I had been looking forward to watching The Hobbit ever since I heard that it would be made into a movie. I even made myself read the book which…I didn’t really like. It lacked the complexity I expected and felt a bit too neat. However, I love Lord of the Rings. All three of them. And I will confess that I haven’t read those books either. Atrocious, I know, but in my defense, I just don’t gel with Tolkien’s writing. His hobbits sing way too much and my patience with singing hobbits is well…small. I went into the movie fairly confident that I would like it and I walked out very satisfied. I know that there are plenty purists who dislike the way Jackson has envisioned and expressed his interpretation of Tolkien’s masterpiece, but I liked what he did.
I watched the movie in 3D in the fancy new 48 fps and initially, it was a bit unsettling. What it does, as my friend stated, is make the landscape look less like the landscape in a far off world where magical things happen and Orcs run wild but more like this place that totally exists in this world that you are a part of. It’s a bit eerie, the realism that it gives the movie. Returning to the shire was amazing and I loved how the first part of the movie is the first part of the LotR. Seeing Frodo’s bright blue eyes again totally made me want to come home and do a LotR marathon. Martin Freeman is amazing as Bilbo Baggins and Richard Armitage as Thorin. More on him later. Freeman tackles this role with such an ease, such grace that it seems he is Bilbo and exactly as I pictured him in my mind when reading the book.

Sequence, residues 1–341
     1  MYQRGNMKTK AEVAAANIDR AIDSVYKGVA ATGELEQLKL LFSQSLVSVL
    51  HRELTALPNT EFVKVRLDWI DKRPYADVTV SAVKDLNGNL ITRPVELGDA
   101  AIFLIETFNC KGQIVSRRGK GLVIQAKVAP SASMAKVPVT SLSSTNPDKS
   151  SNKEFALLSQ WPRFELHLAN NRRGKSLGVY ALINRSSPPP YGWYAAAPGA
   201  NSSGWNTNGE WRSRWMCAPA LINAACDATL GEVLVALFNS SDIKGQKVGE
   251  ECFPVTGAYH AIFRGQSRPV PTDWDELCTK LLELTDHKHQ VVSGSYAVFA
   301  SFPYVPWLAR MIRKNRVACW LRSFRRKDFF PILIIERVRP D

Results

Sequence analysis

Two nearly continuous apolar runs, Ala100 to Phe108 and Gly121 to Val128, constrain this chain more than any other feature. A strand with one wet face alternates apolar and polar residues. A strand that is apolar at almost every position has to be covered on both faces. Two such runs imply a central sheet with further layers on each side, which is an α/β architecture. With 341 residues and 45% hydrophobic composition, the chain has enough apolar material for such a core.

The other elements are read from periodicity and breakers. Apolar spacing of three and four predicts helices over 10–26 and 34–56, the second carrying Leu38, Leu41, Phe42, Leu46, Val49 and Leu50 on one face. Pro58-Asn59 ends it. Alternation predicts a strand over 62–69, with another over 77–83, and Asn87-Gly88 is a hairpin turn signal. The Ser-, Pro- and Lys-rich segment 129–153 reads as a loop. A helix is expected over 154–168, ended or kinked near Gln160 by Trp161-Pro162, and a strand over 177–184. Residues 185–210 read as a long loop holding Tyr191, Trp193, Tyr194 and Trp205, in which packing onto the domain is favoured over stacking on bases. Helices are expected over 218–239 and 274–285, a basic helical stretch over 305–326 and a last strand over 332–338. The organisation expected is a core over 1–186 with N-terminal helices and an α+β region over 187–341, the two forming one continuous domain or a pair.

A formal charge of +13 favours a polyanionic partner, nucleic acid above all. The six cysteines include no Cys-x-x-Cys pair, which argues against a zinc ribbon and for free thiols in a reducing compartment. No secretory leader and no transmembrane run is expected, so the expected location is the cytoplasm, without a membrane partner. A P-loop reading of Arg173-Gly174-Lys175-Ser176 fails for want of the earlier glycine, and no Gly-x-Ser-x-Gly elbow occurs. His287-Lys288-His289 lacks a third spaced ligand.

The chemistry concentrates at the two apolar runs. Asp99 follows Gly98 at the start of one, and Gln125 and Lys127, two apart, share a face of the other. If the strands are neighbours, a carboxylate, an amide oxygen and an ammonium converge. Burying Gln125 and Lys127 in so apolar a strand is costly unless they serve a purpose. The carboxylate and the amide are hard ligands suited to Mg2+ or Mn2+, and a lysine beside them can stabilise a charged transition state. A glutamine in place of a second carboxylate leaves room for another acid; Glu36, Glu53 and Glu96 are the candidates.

I know that some people said there were no distinguishing characteristics between the dwarves but I didn’t have that problem. Their physical characteristics are distinguishing enough and they had little quirks that individualizes them. In Thorin, the dwarf leader, Tolkien gives us an anti-hero and Jackson does a good job in creating a character that is not at all like the noble and sacrificing Aragon. Richard Armitage’s performance is amazing. I mean, the man is pretty delicious to look at (even with the beard and the mustache) and his proud, almost haughty, mien is very true to character and foreshadows the denouement of the trilogy. Gandalf is pretty fun and it was amazing to be back in the Middle World after an extended break.
My favourite scene was the one between Gollum and Bilbo Baggins. I loved how the entire scene unfolds and that mercy Bilbo shows Gollum. Where LotR was tense almost entirely, with the fate of the world hanging in the balance, The Hobbit is not. It lacks the tension and the whole saving the world mentality. It’s much lighter in tone. I did like the insertion of the Necromancer and Galadrial is like poetry, the grace and beauty with which she appears on screen. My friend tells me that there will be a battle scene where Galadrial will lead the fight and that is so awesome to contemplate. The movie is not perfect, of course, there is that completely mind boggling scene at the end that I could have done without and makes no sense when you think about it but the good outweighs the bad. Lee Pace’s 2 second appearance as the haughty elf who refuses to help the dwarfs, the pretty dwarfs being all pretty, the cinematography and Rivendell. I can’t wait for movie two.